Spartans’ Stambler honored as MVP
A senior and sophomore from Centennial landed spots on the superlative list for the District 9-5A baseball team.
Senior catcher/pitcher Payton Stramber was honored as 9-5A’s Most Valuable Player while sophomore pitcher Jacob Meador was named Pitcher of the Year.
The pair played major roles in the Spartans finishing second in district play and advancing to the third-round of playoffs. Centennial went 10-4 to finish second in district and posted an overall mark of 23-12-1.
The Spartans did that even without key players Thomas Santos and Devin Paz, who missed most of the season.
“We lost two game-changing players and still found a way to win,” Centennial coach Brad Hart said. “We won 23 games and went as deep as any team in the program has in the playoffs. It was a good team effort. I’m proud of them for just sucking it up and going out there and playing.”
Strambler, a three-year starter, did it all for the Spartans this season. He hit .476 with a .619 slugging percentage. He had two home runs and five RBI. In seven starts, he was 3.01 with a 5.02 ERA. In 29.1 innings he allowed 23 hits and fanned 43.
“He does it all and that’s why he got the honor,” Hart said. “He caught well, hit for a high average and had some good outings on the mound. There wasn’t anybody in the district who did what he did this year.”
After closing last season for the Spartans, Meador slide into the role of starter. He took over Thomas Santos’ role as a district starter and embraced the job.
“I don’t know where that arm comes from but he’s amazing,” Hart said. “The thing that is so amazing about him is how much he understands about the mechanics of pitching and how to use his lower half to create velocity. As the year went on he just got better and better. He was just so consistent and so good at what he does. An amazing competitor.”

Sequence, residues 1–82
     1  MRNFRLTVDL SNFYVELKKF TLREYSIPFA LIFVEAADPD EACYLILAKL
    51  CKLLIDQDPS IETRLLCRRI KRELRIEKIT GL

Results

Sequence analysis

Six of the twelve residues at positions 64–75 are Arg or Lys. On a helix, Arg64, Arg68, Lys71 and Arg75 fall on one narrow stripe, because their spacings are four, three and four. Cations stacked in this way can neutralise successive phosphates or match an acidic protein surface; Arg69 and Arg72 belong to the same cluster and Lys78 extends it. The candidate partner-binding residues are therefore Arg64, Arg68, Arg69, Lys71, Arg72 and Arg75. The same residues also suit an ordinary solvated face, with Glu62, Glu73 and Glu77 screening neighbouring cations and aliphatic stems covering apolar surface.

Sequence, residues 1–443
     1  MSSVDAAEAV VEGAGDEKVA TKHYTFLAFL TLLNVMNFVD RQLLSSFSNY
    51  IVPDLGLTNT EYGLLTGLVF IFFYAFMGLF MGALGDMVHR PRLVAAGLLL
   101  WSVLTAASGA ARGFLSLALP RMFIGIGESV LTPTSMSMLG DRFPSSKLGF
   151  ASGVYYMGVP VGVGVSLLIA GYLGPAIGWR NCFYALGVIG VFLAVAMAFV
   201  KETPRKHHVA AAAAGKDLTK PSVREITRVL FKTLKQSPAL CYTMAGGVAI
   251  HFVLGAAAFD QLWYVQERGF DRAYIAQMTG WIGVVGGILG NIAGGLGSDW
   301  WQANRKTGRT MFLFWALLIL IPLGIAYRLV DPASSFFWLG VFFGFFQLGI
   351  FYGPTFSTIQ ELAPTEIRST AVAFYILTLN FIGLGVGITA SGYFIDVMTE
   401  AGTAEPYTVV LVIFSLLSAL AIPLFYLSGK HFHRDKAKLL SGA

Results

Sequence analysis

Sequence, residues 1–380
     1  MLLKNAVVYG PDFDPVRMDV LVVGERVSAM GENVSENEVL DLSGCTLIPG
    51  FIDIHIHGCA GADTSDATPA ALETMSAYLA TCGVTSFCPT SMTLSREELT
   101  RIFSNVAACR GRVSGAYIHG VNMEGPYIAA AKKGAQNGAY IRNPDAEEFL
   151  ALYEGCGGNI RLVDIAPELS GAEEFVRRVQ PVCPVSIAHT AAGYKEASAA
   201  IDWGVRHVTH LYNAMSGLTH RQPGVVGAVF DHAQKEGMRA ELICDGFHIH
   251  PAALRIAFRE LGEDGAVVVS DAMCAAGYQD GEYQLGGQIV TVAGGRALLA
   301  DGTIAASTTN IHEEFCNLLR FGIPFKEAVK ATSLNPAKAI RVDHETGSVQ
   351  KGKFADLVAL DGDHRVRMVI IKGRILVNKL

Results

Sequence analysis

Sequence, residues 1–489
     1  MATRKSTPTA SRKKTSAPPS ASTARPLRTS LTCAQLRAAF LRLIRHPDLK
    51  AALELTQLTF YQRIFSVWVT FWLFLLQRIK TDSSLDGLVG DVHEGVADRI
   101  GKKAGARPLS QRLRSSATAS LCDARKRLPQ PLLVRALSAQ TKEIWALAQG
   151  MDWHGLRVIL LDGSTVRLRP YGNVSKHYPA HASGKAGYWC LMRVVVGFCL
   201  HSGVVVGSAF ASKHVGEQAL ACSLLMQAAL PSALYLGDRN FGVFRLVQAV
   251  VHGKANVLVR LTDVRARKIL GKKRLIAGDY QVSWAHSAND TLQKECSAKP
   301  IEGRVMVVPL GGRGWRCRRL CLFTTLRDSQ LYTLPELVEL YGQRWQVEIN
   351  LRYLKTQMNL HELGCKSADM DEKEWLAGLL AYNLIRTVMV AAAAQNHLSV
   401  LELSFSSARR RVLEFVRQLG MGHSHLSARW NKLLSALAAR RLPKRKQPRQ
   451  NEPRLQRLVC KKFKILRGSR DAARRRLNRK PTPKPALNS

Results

In district play, Meador posted a record of 5-2 in seven starters. Over 43 innings, he allowed 20 hits and six earned runs. He walked 18 and struck out 66.
The Spartans had two first-team players in senior center fielder Ethan Quintanilla, senior shortstop Blake Birdwell and sophomore second baseman Miguel Santos.
Quintanilla, another three-year starter, hit .319 with a .532 slugging percentage. He had 16 RBI, two doubles, a triple and two home runs.
“It’s a luxury when you put him in center, Dexter Pruitt in left and Adrian Gracia in right because those guys can go get it,” Hart said. “Ethan is so fast and athletic. He hit well as a senior. He and Payton tied the school record for home runs. He’s just good baseball player.”
Birdwell took over at shortstop after Thomas Santos injury and fill the hole admirably.
In district play, Birdwell hit .289 with five doubles, a home run, four RBI and 12 runs scored. Santos took over at second base in his first full season with the varsity. The sophomore hit .302 with six doubles, a triple, 15 runs scored and 10 RBI.
“He’s a competitive kid who works his tail off,” Hart said. “He’s just good all-around baseball player. He has a lot of potential. He hit leadoff for us and did a great job."
Centennial produced four second-team players in seniors Beau Staton, Pruit, sophomores Hunter Prescher and Ethan Diaz.
Staton hit .364 with six doubles and a triple and five RBI while starting at first or catching. Pruitt finished with a .302 batting average with three doubles and nine RBI. Prescher started at third and hit .326 with six doubles and seven RBI. Diaz hit .412 while seeing time at designated hitter.